Richard Deeg is Professor and Chair of the Department of Political Science at Temple University. He received his Ph.D. from MIT and has been a Postdoctoral Fellow and Visiting Scholar at the Max Planck Institute for the Study of Societies in Cologne, Germany. He has written extensively on financial market regulation, institutional theory, and varieties of capitalism. His publications include Finance Capitalism Unveiled: Banks and the German Political Economy (University of Michigan, 1999) and dozens of articles on German and European political economy in various journals, including Comparative Political Studies, Economy and Society, Journal of European Public Policy, Journal of International Business Studies, Publius: The Journal of Federalism, Small Business Economics, Socio-Economic Review, West European Politics, and World Politics. His current research focuses on causes and mechanisms of institutional change in financial systems.

The Contributors

Jose Aleman Associate Professor of Political Science, Fordham University

Matthew M. C. Allen Senior Lecturer in Organization Studies, University of Manchester

Sabina Avdagic Research Fellow University of Sussex

Lucio Baccaro Professor of Sociology, University of Geneva

Franco Barchiesi Associate Professor of African-American and African Studies, Ohio State University

Michael Barry Associate Professor, Griffith University

Robert Boyer Economist, associated at the Institute of the Americas, Vanves (France)

(p. xix) Chris Brewster Professor of International Human Resource Management, University of Reading

Harald Conrad Sasakawa Lecturer in Japan’s Economy and Management, University of Sheffield

Fang Lee Cooke Professor of Human Resource Management and Chinese Studies, Monash University

Colin Crouch Emeritus Professor, University of Warwick

Niall Cullinane Lecturer in Management, Queen’s University

Richard Deeg Professor of Political Science, Temple University

Jimmy Donaghey Reader in Industrial Relations, University of Warwick

Peter Fairbrother Professor of International Employment Relations, RMIT University

Michele Ford Professor of Southeast Asian Studies, University of Sydney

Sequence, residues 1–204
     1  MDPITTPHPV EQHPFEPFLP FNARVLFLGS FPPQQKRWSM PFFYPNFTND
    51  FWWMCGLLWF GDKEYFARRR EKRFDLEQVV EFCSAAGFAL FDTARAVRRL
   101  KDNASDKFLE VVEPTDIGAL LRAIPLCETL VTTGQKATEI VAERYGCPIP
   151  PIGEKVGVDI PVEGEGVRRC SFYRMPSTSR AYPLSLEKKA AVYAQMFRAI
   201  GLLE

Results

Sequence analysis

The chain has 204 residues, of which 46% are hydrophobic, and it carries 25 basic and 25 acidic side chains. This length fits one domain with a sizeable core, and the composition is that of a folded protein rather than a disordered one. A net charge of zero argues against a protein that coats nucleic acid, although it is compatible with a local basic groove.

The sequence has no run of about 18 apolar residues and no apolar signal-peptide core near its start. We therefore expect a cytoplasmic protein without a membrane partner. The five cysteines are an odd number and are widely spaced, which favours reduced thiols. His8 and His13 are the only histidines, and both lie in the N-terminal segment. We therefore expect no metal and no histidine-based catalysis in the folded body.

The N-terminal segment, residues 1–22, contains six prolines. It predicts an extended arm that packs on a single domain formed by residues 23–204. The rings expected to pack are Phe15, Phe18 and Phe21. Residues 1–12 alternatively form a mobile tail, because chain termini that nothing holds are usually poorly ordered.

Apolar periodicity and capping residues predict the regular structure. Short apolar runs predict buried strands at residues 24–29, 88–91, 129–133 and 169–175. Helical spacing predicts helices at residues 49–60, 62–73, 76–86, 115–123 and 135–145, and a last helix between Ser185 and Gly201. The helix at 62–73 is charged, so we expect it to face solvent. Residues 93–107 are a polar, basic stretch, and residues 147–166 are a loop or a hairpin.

Marc Goergen Professor of Finance, Cardiff University

Paul J. Gollan Professor of Management, Macquarie University

Heidi Gottfried Associate Professor at Wayne State University

Michel Goyer Senior Lecturer, Department of Management, Birmingham Business School, University of Birmingham

Samanthi J. Gunawardana Lecturer in Gender and Development in the School of Political and Social Inquiry, Monash University

Bob Hancké Reader in European Political Economy, London School of Economics and Political Science

Marco Hauptmeier Senior Lecturer in International Human Resource Management, Cardiff University

Frank Horwitz Professor of International Human Resource Management, Cranfield University

Gregory Jackson Professor of Management, Freie Universität Berlin

Senia Kalfa Lecturer in Management, Macquarie University

Harry Katz Dean and Professor of Collective Bargaining, ILR School, Cornell University

Anja Kirsch Research Fellow, Freie Universität Berlin

Gilton Klerck Professor of Sociology, Rhodes University

Christel Lane Professor of Economic Sociology, University of Cambridge

(p. xx) Johann Maree Emeritus Professor of Sociology, University of Cape Town

Cathie Jo Martin Professor of Political Science, Boston University

Guglielmo Meardi Professor of Industrial Relations, University of Warwick

Lindah Mhando Professor Penn State University

Glenn Morgan Professor of International Management, Cardiff University

Martin Myant Head of Unit for European Economic, Employment and Social Policy, European Trade Union Institute, Brussels

Kristine Nergaard Research Coordinator, Fafo, Institute for Labour and Social Research

Barbara Pocock Professor of Work, Employment, and Industrial Relations, University of South Australia

Juliane Reinecke Associate Professor of Organisational Behaviour, University of Warwick

Nick Wailes Professor at the Australian Graduate School of Management, The University of New South Wales

Adrian Wilkinson Professor of Employment Relations, Griffith University

Geoffrey Wood Professor of International Business, Warwick Business School, University of Warwick